Posted 17 days ago ago by jhadmin
Crew Resource Management (CRM) gives us the tools to make safe, prudent decisions; it’s something I wish I’d had while flying a JetRanger on a seismic survey contract in Papua New Guinea. Knowing what could hurt me would have prevented my nearly being eaten by a huge crocodile.
Mike Keith, a pilot with me on contract, and I (stupidly) agreed to go crocodile hunting at midnight with two line cutters Russ and Tom Dooley. I should have known to say no; a week earlier; Russ had thrown a 16-foot python in the back seat of my aircraft in a burlap sack.
Mike, Tom, Russ, and I loaded a car battery, searchlight, a cooler full of drinks, and Tom’s woefully inadequate AR-22 rifle into a 10-foot flat-bottom aluminum boat.
Mike said to Tom and Russ, “OK, you’re the experts. What you want us to do?”
Russ explained, “I’ll be in the bow with the searchlight and pan the water looking for the red reflection of a croc’s eye. You can tell the size of the croc by the size of the red reflection. Tom will aim the boat at the croc, I’ll have him cut the engine and we’ll drift towards him very quietly. Mike, you’ll be up here with me.”
"OK,” Mike said weakly.
“I’ll grab the croc’s snout. Mike, you grab the base of the tail; together we’ll haul it in.
I asked, “How big a croc do you think we can handle?”
Tom answered, “Three feet maybe.”
No worries,” Russ said, “You’ll see.”
It was as dark as a deep cave in the snake-slithering, centipede-swarming, wet, leach-infested, hot, humid, bug-crawling jungle we were floating through.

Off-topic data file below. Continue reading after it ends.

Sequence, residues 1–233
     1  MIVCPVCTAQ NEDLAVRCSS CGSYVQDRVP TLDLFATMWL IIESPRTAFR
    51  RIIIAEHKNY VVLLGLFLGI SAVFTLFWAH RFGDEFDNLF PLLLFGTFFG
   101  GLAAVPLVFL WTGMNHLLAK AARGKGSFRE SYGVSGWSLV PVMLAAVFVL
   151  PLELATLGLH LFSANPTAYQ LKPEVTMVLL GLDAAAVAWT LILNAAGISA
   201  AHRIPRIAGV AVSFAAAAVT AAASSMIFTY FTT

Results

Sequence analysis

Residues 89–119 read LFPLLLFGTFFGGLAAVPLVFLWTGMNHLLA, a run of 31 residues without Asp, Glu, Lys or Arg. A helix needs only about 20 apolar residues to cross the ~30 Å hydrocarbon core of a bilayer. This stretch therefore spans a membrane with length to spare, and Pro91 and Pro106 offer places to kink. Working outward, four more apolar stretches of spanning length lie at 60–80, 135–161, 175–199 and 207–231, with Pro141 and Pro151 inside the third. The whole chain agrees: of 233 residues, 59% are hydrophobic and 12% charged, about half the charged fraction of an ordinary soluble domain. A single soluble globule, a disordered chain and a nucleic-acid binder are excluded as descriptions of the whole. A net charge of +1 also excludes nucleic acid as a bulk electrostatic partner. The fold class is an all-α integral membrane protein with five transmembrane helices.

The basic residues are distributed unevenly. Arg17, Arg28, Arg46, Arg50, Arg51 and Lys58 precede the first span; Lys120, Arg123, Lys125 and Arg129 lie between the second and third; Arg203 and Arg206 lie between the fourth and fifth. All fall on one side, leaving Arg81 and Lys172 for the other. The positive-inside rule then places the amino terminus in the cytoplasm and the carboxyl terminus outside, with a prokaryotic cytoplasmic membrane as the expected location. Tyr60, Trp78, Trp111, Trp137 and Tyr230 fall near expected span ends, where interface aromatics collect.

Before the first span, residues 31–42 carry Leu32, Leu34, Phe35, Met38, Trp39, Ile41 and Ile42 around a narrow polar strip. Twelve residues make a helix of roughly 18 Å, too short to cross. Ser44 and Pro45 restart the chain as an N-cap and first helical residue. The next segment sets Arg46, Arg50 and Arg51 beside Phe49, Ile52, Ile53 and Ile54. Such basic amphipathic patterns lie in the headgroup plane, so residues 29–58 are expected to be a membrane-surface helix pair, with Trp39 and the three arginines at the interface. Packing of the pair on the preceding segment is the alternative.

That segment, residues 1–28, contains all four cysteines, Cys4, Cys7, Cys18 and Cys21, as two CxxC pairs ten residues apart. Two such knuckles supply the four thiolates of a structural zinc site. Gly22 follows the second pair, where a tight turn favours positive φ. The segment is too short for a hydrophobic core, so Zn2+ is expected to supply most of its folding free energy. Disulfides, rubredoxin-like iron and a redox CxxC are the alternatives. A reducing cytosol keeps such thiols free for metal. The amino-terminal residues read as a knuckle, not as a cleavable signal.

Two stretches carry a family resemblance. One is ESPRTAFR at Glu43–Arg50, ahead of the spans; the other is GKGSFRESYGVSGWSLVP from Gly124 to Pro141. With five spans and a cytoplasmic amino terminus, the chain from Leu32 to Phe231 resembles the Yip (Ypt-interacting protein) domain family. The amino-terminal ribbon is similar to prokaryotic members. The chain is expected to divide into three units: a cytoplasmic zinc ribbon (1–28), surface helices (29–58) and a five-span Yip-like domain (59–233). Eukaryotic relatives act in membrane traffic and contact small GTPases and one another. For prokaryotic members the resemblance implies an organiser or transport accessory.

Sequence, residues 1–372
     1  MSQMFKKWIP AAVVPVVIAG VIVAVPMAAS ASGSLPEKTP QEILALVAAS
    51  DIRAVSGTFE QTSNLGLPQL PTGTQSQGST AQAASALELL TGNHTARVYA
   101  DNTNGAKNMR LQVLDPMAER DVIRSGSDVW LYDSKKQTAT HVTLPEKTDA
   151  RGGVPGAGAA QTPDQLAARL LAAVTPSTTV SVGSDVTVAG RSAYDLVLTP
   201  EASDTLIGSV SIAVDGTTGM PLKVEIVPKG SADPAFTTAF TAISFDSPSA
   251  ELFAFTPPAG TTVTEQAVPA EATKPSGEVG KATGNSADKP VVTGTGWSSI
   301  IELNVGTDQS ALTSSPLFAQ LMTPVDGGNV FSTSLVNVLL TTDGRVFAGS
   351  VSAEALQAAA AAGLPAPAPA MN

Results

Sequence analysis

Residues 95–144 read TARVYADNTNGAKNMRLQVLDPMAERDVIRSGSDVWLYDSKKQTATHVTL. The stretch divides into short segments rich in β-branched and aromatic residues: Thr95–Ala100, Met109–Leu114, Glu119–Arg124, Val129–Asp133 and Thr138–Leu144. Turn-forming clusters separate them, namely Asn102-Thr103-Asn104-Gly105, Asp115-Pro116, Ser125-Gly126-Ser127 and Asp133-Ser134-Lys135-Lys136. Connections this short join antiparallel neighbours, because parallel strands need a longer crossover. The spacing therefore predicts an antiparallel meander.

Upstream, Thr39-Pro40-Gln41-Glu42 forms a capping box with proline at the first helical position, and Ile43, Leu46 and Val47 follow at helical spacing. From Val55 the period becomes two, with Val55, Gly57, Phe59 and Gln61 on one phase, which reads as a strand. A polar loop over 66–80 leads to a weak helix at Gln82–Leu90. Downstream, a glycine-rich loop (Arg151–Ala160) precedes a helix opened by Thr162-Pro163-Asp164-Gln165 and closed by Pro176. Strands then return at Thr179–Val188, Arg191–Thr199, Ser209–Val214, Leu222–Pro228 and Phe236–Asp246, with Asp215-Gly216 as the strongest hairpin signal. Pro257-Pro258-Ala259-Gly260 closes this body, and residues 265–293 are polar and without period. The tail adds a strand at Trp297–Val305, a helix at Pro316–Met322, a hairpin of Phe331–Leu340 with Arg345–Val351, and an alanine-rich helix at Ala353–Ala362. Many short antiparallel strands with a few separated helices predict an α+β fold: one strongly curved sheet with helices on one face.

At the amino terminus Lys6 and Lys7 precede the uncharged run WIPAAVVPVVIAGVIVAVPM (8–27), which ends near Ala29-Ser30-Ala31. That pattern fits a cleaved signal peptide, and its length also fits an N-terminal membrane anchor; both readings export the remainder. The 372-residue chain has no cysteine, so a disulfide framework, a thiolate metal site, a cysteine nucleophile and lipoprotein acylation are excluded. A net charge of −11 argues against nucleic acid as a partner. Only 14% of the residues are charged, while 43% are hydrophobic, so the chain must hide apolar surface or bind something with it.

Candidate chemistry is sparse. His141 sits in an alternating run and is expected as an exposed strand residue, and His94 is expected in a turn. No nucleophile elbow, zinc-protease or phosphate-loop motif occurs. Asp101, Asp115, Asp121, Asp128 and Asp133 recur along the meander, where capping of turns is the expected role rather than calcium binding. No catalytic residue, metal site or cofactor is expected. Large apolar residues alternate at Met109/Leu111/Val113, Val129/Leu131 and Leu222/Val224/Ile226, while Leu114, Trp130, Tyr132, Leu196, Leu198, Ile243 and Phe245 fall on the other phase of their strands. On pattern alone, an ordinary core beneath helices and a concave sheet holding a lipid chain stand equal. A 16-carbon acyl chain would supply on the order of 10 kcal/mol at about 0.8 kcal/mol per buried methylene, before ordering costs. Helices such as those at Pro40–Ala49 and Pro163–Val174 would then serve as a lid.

Tom opened the cooler, “Coke or a beer?”
“Gimme a Coke,” Russ said. “I need to stay sober for this.”
Good idea. We all took a can of Coke.
From the bow, Russ panned the water with the spotlight, the engine slowly ticking over as four men watched, waited, drank Coke, watched, and waited some more.
An hour passed. No luck. Finally Russ said, “Tom, turn around. Maybe our luck will change.”
Tom turned the boat around. Russ continued to sweep the water with the light. Five minutes passed when he said, “I see one!”
Mike said, “Yeah, I see the red eye too.”
“Get up here with me Mike.”
Mike moved next to Russ.
At 20 yards Russ said to Tom, “Cut the engine.”
The boat ghosted forward, all eyes on the little red eye growing slightly larger the closer we got. Five yards, four, three, two, one … “Now!” Russ hollered.
The two men thrust their hands into the water followed by Russ letting out an almighty “Yeeeeeeooooooowwwww,” then “Ahhh S--t!” when the little croc bit into his finger.
Mike tried to grab the croc’s tail but missed as Ross threw his hand in the air, the little croc still attached, then let go in mid-air, his trajectory landed him with a distinct plop into the boat causing Russ to fall backward onto Mike, causing Mike to fall backward into me, with his foot catching the searchlight wire connected to the battery plunging us into total darkness.
Tom fell behind me accidentally discharging his weapon: Blam!”
Russ hollered, “Don’t shoot! Don’t shoot!”